The death of investor, philanthropist and Fort Worth native Richard Rainwater on Sept. 27 has focused attention on the rare brain disease that claimed him, and his concerted efforts to fight it with research.
Rainwater, 71, was diagnosed with progressive supranuclear palsy in 2009. The neurodegenerative disease is characterized by disturbances in eye coordination, loss of balance, slowed and stiff movements, and difficulty in swallowing and speaking.
I was not familiar with the disease prior to Richard’s diagnosis,” said Rainwater’s longtime friend John Goff in an emailed interview response. “I since have read a lot about it and know that it affects 5 or 6 people per 100,000.”
Rainwater added support for disease research into the framework of his charitable foundation beginning in 2010, and has contributed more than $50 million to the cause. But he took it a step further.
Rainwater formed the Tau Consortium, bringing together an international team of some 30 physicians and researchers to investigate the Tau protein which is also thought to be involved in similar diseases including Alzheimer’s and amyotrophic lateral sclerosis (Lou Gehrig’s disease).
That work, and the Rainwater Foundation’s funding, will continue.
Friends and family members say it was a characteristic response for Rainwater, whose superstar career included managing and increasing the Bass family fortune and forming health care, real estate and resource companies .
“All of Richard’s charitable activities are approached with the same creativity, vigor and thoughtfulness as his investments,” said Goff.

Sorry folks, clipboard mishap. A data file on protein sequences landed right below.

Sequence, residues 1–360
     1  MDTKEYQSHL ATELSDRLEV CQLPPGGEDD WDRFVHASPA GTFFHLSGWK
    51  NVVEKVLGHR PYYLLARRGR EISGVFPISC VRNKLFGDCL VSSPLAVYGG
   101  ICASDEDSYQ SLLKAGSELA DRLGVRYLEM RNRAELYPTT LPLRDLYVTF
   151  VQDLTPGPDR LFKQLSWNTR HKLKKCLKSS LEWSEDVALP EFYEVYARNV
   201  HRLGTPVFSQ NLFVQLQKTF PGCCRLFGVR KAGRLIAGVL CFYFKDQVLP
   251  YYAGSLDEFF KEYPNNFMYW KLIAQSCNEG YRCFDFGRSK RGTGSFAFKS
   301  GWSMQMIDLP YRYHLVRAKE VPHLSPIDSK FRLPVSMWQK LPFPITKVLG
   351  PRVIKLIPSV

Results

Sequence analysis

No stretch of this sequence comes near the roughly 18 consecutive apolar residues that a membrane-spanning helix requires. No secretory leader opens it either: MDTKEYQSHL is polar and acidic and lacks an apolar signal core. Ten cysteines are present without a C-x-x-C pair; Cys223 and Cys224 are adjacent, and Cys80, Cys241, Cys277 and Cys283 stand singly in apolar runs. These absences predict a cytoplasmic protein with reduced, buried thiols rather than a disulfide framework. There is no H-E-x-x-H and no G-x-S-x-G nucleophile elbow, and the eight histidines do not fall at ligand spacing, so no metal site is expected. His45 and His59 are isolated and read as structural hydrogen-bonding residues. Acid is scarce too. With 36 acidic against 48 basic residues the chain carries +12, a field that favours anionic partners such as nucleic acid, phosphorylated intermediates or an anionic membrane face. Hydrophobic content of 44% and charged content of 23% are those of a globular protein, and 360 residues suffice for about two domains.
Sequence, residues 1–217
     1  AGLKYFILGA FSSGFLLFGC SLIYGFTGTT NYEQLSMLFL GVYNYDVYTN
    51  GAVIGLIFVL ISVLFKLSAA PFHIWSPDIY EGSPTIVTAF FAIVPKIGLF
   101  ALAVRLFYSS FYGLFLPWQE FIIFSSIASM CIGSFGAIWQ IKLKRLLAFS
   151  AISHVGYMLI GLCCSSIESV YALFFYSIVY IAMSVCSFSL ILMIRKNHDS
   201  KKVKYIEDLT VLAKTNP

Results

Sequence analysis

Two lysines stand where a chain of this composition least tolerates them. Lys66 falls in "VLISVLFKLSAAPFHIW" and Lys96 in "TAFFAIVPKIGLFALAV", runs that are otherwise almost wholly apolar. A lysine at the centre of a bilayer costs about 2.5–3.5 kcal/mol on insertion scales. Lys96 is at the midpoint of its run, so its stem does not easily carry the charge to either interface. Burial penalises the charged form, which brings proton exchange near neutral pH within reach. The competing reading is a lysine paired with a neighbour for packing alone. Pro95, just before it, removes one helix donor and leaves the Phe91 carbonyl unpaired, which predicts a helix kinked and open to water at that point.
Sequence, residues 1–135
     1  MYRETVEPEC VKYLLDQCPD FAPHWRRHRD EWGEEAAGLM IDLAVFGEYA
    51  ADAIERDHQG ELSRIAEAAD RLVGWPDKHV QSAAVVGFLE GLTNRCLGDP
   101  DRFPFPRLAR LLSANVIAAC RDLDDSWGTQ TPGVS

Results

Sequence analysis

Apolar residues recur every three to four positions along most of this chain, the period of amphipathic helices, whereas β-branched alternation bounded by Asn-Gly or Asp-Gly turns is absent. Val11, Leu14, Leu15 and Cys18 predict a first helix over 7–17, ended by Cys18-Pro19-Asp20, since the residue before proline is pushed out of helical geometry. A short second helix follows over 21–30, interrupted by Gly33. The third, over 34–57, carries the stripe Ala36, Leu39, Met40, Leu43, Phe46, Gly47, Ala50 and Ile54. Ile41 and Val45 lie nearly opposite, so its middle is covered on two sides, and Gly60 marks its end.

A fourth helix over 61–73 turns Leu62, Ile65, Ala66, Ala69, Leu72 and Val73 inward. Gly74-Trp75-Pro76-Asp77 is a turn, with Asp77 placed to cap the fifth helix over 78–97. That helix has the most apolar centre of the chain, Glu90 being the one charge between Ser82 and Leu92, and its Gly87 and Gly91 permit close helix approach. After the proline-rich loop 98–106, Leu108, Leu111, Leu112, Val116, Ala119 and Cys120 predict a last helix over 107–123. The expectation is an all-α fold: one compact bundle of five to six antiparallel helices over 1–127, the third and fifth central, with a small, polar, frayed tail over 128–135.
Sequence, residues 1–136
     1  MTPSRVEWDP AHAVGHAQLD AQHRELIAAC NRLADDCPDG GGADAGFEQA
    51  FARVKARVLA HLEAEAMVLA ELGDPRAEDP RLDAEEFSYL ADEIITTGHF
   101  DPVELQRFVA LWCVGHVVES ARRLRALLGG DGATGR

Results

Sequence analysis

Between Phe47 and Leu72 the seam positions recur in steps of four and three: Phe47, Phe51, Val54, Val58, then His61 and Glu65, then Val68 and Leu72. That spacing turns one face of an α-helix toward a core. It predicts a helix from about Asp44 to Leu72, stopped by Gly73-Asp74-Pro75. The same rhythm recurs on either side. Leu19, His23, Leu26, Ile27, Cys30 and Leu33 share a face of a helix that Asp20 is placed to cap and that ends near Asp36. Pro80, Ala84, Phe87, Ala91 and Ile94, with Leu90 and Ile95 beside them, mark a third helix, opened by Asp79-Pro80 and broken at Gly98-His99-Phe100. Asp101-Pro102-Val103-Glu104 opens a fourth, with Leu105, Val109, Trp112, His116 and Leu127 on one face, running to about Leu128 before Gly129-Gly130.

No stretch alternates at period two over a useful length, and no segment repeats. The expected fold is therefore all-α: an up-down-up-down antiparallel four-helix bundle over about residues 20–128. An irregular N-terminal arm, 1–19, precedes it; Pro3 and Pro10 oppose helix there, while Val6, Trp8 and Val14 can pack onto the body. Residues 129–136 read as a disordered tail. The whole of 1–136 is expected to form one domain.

At the time of his death, Forbes magazine estimated Rainwater’s personal wealth at almost $3 billion.
Rainwater, whose philanthropy efforts were on a par with his business acumen, contributed more than $265 million through his Rainwater Charitable Foundation. Most of it goes to early childhood education and school leadership development, plus broader efforts reaching children in Fort Worth and in South Carolina from birth through 12th grade.
Rainwater attended public schools himself as a child, graduating from Paschal High School.
“For the past several years, the Rainwater Charitable Foundation has funded programs in our Education Impact initiative, for which we have been very grateful,” said Tim McKinney, president and CEO of United Way of Tarrant County, in a statement after Rainwater’s death. “Education, and particularly early childhood education, is a leading priority of the foundation.
“Richard was an extraordinary and wonderful human being,” said McKinney. “He had an enormous impact on the lives of many, and his philanthropic interests have made the community at large a better place in which to live and work.”
Goff last saw Rainwater a few weeks ago, he said.
“He always hugged me and any other friends or relatives that came to visit,” Goff said. “He gave me the thumbs up when I recalled with him a funny situation that we were both involved in.”
Rainwater didn’t “consume wealth,” Goff said, and his legacy will live on in many ways.
“He spent very little on himself and operated on the theory that he should continue to compound his capital so that he had more to ultimately give away,” Goff said.
“Beyond his own Charitable Foundation, it is important to credit Richard as a testament to the positive power of capitalism,” he said. “His investments have led to thousands of jobs being created as well as many fortunes being created. I know for a fact that many of these individual fortunes are being recycled into wonderful causes through charitable giving.”